with plain water, flavoured water, sports drinks, and artificially
sweetened carbonated beverages

Snack vending machines

* Replaced deep-fried potato chips and candies with healthier snack
options, such as nuts, 100% dried fruit, and baked potato chips

Schools with limited food service (a small school store or a kiosk
and vending machines)

School store or kiosk

* Served healthier packaged snack options (e.g., granola bars,
nuts, and dried fruit)

* Introduced smaller package sizes of less healthy snacks (e.g.,
regular potato chips)

* Offered milk daily or weekly through a milk program

Beverage vending machines

* Switched to serving only 100% juices and plain water

Hot lunch programs (variable frequency, from once a week to three
times a year)

* Replaced less healthy entrees with healthier options (e.g.,
switched from pizza to sandwiches)

* Provided healthier side dishes with hot lunch entrees (e.g.,
milk, 100% juices, a piece of fruit, vegetables)

Schools with no food service (only catered hot lunch programs)

Hot lunch programs (variable frequency, from daily to once a
month) (a)

* Replaced less healthy entrees with healthier options (e.g.,
switched from fried chicken and hot dogs to sandwiches and pitas)

* Provided healthier side dishes with hot lunch entrees (e.g.,
milk, 100% juice, a piece of fruit, vegetables)

* Used healthier products in the food preparation process (e.g.,
whole wheat bread instead of white bread for sandwiches)

Other aspects of the school food environment reported in some
schools

* Started a milk program at the school

* Made fruit available to students and staff by placing a fruit
basket in the school office

* Reduced the use of or removed food and candy rewards in the
classroom

(a) Less healthy meal side dishes continued to be offered at some
schools (e.g., sugar-sweetened juice beverages, high-sugar
beverages, chips, or desserts).

Table 3
Students' self-reported dietary behaviours during the preceding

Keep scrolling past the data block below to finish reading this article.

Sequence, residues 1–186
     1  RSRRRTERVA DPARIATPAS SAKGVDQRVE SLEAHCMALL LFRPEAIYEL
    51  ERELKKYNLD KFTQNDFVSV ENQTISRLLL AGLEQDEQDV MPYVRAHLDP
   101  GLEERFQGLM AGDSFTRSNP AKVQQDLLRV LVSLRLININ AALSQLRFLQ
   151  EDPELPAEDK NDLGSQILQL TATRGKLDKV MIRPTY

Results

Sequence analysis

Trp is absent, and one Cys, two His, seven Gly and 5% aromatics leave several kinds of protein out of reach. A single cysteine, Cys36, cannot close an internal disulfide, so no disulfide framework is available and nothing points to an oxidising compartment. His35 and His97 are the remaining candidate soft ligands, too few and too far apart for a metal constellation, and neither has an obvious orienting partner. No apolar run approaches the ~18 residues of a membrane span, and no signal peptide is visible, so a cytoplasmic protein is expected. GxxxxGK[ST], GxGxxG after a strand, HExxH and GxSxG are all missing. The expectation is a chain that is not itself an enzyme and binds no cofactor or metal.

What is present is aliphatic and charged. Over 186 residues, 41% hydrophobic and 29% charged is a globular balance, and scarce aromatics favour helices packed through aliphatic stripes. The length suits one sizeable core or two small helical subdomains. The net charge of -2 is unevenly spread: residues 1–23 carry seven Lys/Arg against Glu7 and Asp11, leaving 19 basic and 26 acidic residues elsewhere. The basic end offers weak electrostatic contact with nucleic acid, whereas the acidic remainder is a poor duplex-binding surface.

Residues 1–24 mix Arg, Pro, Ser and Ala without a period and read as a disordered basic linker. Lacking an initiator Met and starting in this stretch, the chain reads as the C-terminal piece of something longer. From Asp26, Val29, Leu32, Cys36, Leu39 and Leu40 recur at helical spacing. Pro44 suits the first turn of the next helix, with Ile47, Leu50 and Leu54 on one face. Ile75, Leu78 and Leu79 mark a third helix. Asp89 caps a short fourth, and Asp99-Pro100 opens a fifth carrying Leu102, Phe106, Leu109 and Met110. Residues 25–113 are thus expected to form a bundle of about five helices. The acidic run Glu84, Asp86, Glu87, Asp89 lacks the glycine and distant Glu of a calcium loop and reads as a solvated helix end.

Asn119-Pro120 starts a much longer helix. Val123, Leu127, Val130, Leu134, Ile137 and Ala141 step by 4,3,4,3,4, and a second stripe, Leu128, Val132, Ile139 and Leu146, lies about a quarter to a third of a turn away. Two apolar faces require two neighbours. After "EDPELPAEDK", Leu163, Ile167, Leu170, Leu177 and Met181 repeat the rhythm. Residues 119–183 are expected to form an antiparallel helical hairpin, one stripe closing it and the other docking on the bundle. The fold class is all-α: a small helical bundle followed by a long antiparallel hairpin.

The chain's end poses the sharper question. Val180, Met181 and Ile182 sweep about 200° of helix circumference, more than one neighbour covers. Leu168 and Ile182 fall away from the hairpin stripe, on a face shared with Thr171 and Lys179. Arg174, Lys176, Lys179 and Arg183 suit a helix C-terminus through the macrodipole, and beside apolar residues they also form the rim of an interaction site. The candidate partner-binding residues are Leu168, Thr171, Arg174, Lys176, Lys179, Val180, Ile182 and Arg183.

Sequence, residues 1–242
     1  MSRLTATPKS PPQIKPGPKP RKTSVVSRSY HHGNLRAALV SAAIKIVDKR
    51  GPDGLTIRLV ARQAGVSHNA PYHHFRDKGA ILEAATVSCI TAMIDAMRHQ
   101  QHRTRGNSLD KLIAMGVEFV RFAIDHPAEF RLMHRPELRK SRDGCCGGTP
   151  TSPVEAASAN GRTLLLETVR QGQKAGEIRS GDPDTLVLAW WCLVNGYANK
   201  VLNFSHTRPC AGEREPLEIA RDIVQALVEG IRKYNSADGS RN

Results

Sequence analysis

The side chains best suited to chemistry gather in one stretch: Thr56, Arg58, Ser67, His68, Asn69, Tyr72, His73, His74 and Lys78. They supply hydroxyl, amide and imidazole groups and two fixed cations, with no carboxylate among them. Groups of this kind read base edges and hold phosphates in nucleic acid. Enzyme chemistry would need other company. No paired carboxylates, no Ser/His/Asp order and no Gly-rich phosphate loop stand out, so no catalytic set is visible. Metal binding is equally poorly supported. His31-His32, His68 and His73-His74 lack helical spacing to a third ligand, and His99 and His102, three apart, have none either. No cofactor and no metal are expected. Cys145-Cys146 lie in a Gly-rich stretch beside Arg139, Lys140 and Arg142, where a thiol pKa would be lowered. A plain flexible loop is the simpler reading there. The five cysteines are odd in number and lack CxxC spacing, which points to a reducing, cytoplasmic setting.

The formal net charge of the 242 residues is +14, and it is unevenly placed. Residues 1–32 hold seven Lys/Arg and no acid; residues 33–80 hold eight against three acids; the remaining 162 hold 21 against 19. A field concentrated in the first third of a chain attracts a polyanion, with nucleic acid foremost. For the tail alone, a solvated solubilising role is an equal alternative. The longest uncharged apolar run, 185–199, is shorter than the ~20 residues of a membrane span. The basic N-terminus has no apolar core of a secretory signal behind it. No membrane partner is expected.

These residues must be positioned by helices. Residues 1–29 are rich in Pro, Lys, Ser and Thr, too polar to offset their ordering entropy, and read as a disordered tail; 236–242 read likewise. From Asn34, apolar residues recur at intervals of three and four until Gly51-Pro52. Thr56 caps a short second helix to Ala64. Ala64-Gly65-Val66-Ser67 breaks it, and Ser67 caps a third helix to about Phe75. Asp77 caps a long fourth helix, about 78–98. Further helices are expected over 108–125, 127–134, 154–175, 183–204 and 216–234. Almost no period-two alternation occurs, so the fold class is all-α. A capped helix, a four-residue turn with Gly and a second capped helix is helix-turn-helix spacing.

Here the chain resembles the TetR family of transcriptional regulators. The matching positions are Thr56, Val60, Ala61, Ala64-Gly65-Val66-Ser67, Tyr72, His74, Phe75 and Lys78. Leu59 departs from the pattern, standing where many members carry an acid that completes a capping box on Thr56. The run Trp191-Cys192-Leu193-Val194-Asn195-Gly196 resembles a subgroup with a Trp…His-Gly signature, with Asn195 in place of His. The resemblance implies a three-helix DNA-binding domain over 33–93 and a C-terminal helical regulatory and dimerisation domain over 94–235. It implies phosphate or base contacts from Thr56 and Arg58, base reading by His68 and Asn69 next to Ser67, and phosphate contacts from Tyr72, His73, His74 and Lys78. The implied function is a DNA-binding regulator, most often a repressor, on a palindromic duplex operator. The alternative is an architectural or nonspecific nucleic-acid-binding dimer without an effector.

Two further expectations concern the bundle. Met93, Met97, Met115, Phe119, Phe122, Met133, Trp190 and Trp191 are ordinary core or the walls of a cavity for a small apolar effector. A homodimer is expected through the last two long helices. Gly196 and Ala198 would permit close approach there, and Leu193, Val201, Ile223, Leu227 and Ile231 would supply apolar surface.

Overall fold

24 hours, before and after the Healthy Eating Guidelines
Initiative

Reported behaviours                   Before     After       P

Overall                               n=3970    n=4458

Consumed vegetables and fruit          48.4%     51.0%     0.017
(not including juices) [greater
than or equal to] 5 times

Consumed milk and yogurt               54.0%     57.7%     0.001
[greater than or equal to] 3 times

Did not consume any                    48.6%     52.8%    <0.001
carbonated beverages

Did not consume any fried              46.3%     51.0%    <0.001
potato products

Schools with full food service        n=1944    n=2630

Consumed vegetables and fruit          49.3%     55.5%    <0.001
(not including juices)
[greater than or equal to] 5 times

Consumed milk and yogurt               53.3%     58.8%    <0.001
[greater than or equal to] 3 times

Did not consume any                    47.3%     52.5%     0.001
carbonated beverages

Did not consume any                    42.7%     49.5%    <0.001
fried potato products

Schools with limited food service     n=1454    n=1360

Consumed vegetables and                46.3%     43.1%     0.089
fruit (not including juices)
[greater than or equal to] 5 times

Consumed milk and yogurt               54.1%     53.7%     0.849
[greater than or equal to] 3 times

Did not consume any                    50.5%     52.8%     0.225
carbonated beverages

Did not consume any fried              51.3%     53.4%     0.258
potato products

Schools with no food service           n=572     n=738

Consumed vegetables and fruit          50.4%     51.0%     0.831
(not including juices)
[greater than or equal to] 5 times

Consumed milk and yogurt               55.9%     61.6%     0.041
[greater than or equal to] 3 times

Did not consume any                    48.3%     53.5%     0.056
carbonated beverages

Did not consume any fried              45.6%     51.3%     0.041
potato products
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Article Details
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Title Annotation:Report/Rapport
Author:Stephenson, Flora F.; Johnston, J. Cyne; Riege, Theresa; Bandali, Farah; McNeil, Deborah A.
Publication:Canadian Journal of Dietetic Practice and Research
Article Type:Report
Geographic Code:1CALB
Date:Jan 1, 2013
Words:2660